By now people should know not to bet against Warren Buffett. The world’s fourth-richest man has shown time and again that despite his aw-shucks image he is one of the most opportunistic and shrewd investors around. Still, when the Berkshire Hathaway CEO announced in January that he was teaming up with Quicken Loans to offer $1 billion to anyone who could correctly pick all 63 games in this year’s NCAA men’s basketball tournament, dreamers from Main Street to Wall Street started thinking about how they’d spend the money and whether it made more sense to take a lump sum of $500 million or receive $25 million payments spread out over 40 years. I planned to go with the lump sum.
Come tournament time, it didn’t take long for reality to set in. Like many of the 15 million or so who signed up for the billion-dollar challenge, I saw my bracket get busted in the very first game, when the Dayton Flyers knocked off Ohio State on a last-second layup, beating the No. 6 seed 60-59. By the end of the first day, an estimated 95 percent of those who had taken Buffett’s bet had seen their hopes shattered. When Duke, a No. 3 seed, lost in the first game the following afternoon, the number of remaining perfect brackets was fast approaching zero, which it reached within a few hours.
Of course, Buffett was never personally on the hook for the $1 billion (though with an estimated net worth of $58 billion, he surely could afford it). Berkshire’s National Indemnity Co. wrote the insurance policy to cover the Quicken Loans payout in the unlikely scenario that someone won.
In a very different kind of wager, Buffett has been spending billions of dollars on wind turbines and solar farms for Berkshire’s MidAmerican Energy Holdings Co. utility business. In January 2012 the company’s MidAmerican Renewables subsidiary purchased a $2 billion solar farm in San Luis Obispo, California. That same month it bought a 49 percent stake in a $1.8 billion Yuma County, Arizona, solar project from Princeton, New Jersey–based independent power producer NRG Energy. A year later MidAmerican resumed its shopping spree, acquiring projects in California’s Kern and Los Angeles counties.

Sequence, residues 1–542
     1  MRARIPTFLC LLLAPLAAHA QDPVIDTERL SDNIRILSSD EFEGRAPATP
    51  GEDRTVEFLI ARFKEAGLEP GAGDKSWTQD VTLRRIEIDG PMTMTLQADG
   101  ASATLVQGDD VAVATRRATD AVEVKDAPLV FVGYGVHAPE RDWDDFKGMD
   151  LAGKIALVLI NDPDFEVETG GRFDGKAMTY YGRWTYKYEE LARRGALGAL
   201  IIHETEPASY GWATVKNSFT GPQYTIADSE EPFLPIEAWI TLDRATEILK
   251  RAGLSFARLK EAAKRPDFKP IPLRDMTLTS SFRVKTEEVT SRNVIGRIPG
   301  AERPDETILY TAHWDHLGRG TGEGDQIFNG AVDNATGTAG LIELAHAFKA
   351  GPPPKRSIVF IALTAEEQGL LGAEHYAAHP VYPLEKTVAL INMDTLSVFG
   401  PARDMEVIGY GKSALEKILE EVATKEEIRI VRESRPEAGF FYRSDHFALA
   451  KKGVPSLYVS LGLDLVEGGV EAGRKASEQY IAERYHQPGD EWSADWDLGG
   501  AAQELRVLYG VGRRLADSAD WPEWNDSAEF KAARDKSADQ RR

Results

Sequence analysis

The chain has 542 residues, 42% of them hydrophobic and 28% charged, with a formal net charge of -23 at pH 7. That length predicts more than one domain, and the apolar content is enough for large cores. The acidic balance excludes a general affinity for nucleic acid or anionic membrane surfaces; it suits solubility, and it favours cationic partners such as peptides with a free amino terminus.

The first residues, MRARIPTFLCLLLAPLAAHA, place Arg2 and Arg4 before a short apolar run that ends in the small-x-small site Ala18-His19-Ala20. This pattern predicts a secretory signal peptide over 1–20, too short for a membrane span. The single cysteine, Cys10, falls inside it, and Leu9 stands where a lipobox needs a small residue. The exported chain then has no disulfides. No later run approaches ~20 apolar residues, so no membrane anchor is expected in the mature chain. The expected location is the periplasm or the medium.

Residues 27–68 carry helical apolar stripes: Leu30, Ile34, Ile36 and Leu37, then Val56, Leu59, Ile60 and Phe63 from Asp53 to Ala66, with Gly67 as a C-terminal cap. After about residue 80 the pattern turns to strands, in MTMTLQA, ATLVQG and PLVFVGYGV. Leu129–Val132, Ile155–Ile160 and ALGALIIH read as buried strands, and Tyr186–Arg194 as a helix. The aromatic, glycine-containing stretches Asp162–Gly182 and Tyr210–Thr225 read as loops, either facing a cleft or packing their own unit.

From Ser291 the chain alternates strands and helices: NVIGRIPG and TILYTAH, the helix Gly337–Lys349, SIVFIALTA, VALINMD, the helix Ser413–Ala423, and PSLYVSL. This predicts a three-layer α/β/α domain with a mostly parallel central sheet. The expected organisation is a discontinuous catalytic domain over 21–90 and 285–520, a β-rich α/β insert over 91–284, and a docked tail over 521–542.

MidAmerican Energy has been buying and installing wind turbines since 2004 and has the capability to generate more electricity from wind than any other regulated utility in the U.S. Its 1,267 wind turbines account for nearly 30 percent of the company’s power-generation capacity. MidAmerican’s current expansion will add 448 turbines and 9 percentage points of generation capacity when it is completed in 2015.
Despite Buffett’s big bet on renewable energy, the Oracle of Omaha’s views on climate change are anything but clear. In August 2009 he wrote in an op-ed piece for the New York Times that “the world properly worries about greenhouse emissions” and that “doubling the carbon dioxide we belch into the atmosphere may far more than double the subsequent problems for society.” Environmental activists may have been too quick to applaud those words. The column was about “greenback emissions” — in Buffett’s memorable phrase — and the potentially catastrophic impact of the U.S.’s growing deficit; it had little to do with climate change.
The Berkshire CEO’s comments on CNBC in March may be a truer reflection of his views on what has become a divisive issue, especially among Americans. When asked how the rise of extreme weather events in recent years has changed the way Berkshire’s reinsurance business calculates risk, he responded: “I think the public has the impression that, because there’s been so much talk about climate, that events of the last ten years from an insurance standpoint in climate have been unusual. The answer is, they haven’t.” Buffett went on to say that “the effects of climate change, if any, have not affected ... the insurance market.”
Regardless of his views on climate change, Buffett is positioning MidAmerican Energy to be a leader in renewable energy, which will play an important role as the world transitions to a lower-carbon economy. As for the NCAA tournament, future billionaires (including me) will have to wait until next year.
Follow Michael Peltz on Twitter at @mppeltz.